Stephen A. Smith was talking about what he advises “the female members” of his family to do–those he deems the potential victims of violence. Smith is talking to them in the context of a world that contains unreasonably violent people and a state that has not yet been able to deter, socialize, and rehabilitate those tendencies away. Smith recognizes that often times he will not be physically present when the domestic violence takes place and can only do something to physically protect the female members of his family after the fact. In this social context, if Smith wants to minimize the risk that potential perpetrators will “put their hands on”  his family members, Smith needs to influence the behavior of one or more of these three groups before the violent incident occurs.

Smith may not know the perpetrators personally beforehand, and even if he does, he may fail to anticipate that they are indeed potential perpetrators. But even if Smith says to every man his family encounters, “never put your hands on my family members, that is never okay,” he still cannot be certain that his words will change the behavior of these men, whose violent tendencies may be very strong. Smith has limited influence over what the government does, and even if the state does everything right to minimize the number of people with unreasonably violent tendencies going forward, there is still the existing population of unreasonably violent people to contend with. The only group Smith can categorically persuade to behave in a manner that minimizes the risk of violence is his family members themselves.

With most crimes, when we advise people, we recognize the limitations of our influence. We all uniformly recognize that muggers are wrong to mug people. Yet we also recognize that no matter how many times we may say “don’t mug people, that is not okay”, there are still some people who are going to commit muggings. When we talk to our family members and friends who we worry might be the victims of mugging, we advise them to take certain precautions–don’t walk down the street alone at night, don’t flaunt your wealth in public, and so on. This is not because we necessarily think there is anything morally wrong with walking down the street alone at night or flaunting wealth, but because we recognize that it increases the risk that someone we care about will come to harm. We would like to live in a world where no people were inclined to commit muggings and everyone could walk around alone at night flaunting their wealth without worrying about being mugged. But we do not live in that world, so in the meantime, we advise people to take precautions. This does not mean we are not committed to trying to progress to that world–we may try very hard to discourage people from mugging and may use government policy to better deter, socialize, and rehabilitate potential muggers–but in the interim, we also advise people to take precautions.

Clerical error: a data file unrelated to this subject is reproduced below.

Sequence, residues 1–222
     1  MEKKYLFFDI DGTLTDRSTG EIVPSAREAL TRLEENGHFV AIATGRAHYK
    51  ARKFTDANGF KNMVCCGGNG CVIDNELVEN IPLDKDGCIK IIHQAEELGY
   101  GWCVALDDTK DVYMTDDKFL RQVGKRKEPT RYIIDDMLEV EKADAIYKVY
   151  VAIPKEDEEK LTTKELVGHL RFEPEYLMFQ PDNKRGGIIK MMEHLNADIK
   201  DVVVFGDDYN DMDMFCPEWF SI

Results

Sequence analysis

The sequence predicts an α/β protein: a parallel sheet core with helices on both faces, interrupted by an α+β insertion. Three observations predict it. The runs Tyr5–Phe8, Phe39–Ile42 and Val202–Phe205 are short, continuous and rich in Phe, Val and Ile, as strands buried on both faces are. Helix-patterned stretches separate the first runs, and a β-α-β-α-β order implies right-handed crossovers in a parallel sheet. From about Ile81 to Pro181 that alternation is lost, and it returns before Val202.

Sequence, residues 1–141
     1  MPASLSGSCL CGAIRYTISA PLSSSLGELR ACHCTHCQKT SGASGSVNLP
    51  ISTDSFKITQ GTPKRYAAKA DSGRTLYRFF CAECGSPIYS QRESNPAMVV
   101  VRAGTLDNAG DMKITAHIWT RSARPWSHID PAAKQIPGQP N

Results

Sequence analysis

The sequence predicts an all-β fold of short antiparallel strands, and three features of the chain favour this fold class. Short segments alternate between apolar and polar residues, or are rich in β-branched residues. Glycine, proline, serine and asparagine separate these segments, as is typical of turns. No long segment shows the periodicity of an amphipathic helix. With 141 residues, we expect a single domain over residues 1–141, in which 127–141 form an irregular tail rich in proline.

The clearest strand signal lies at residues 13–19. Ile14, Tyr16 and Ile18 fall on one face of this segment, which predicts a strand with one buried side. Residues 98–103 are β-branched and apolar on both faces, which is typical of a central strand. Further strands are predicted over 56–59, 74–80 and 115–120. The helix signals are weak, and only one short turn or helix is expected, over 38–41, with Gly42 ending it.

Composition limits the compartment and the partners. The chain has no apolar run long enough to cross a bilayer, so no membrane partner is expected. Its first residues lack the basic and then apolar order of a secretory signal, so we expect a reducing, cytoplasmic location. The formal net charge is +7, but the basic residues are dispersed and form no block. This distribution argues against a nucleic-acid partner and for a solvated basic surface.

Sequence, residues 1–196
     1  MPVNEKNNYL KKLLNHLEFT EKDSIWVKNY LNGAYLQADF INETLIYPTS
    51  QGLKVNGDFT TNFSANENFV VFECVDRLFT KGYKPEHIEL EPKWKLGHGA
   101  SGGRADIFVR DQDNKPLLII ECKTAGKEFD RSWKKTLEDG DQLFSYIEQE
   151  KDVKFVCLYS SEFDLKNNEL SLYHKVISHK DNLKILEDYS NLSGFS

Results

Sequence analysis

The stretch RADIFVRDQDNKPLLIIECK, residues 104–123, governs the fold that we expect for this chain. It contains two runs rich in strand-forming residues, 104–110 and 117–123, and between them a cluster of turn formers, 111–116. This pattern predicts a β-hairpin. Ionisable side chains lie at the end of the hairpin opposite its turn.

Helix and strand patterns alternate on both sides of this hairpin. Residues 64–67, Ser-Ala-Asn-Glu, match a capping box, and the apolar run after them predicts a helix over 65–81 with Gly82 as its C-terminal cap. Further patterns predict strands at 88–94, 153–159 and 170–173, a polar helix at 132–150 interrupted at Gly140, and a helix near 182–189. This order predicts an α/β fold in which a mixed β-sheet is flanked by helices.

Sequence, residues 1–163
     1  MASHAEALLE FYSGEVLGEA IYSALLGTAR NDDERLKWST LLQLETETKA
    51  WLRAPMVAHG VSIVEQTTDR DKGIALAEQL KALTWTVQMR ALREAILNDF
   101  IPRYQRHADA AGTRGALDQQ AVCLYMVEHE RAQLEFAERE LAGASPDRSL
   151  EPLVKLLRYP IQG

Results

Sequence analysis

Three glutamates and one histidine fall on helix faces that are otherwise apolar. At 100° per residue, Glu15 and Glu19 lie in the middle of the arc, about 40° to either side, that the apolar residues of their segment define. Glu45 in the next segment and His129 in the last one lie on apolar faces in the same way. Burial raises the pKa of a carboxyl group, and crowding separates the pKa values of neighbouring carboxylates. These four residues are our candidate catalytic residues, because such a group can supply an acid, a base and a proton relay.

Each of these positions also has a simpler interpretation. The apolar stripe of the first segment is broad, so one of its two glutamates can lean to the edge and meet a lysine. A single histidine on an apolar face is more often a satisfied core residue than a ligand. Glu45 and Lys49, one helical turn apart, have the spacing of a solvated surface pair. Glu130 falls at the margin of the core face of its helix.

It’s easy to confuse this with “blaming the victim”, because someone who blames the victim speaks exclusively of what the victim should do differently and never bothers to advise perpetrators and governments to change their behavior, because he holds the victim responsible. Many well-meaning people do not bother to talk about how perpetrators should change their behavior because this seems too obvious to mention–obviously you shouldn’t mug people, obviously you shouldn’t commit domestic violence–and as a result appear to be blaming the victim when their hostility to perpetrators is merely omitted rather than absent. In any case, it is very possible to advise potential victims to take precautions while simultaneously being thoroughly committed to changing the behavior of perpetrators and governments. If our goal is to minimize the risk of domestic violence as much as possible as quickly as possible, it is irresponsible not to engage with all three parties that have influence over what happens.

Those who quickly label efforts to advise potential victims on how to minimize their risk of being the victims of violence, mugging, or other crimes “blaming the victim” are prioritizing the blame game over eliminating the problem and reducing the incidence of these crimes. It is very possible to wholeheartedly believe that it is always wrong for people to commit domestic violence, mugging, or other crimes while simultaneously advising the people you care about to take precautions because we as yet live in an imperfect world. From what I can tell, that’s all Smith was doing, and there’s nothing wrong with that.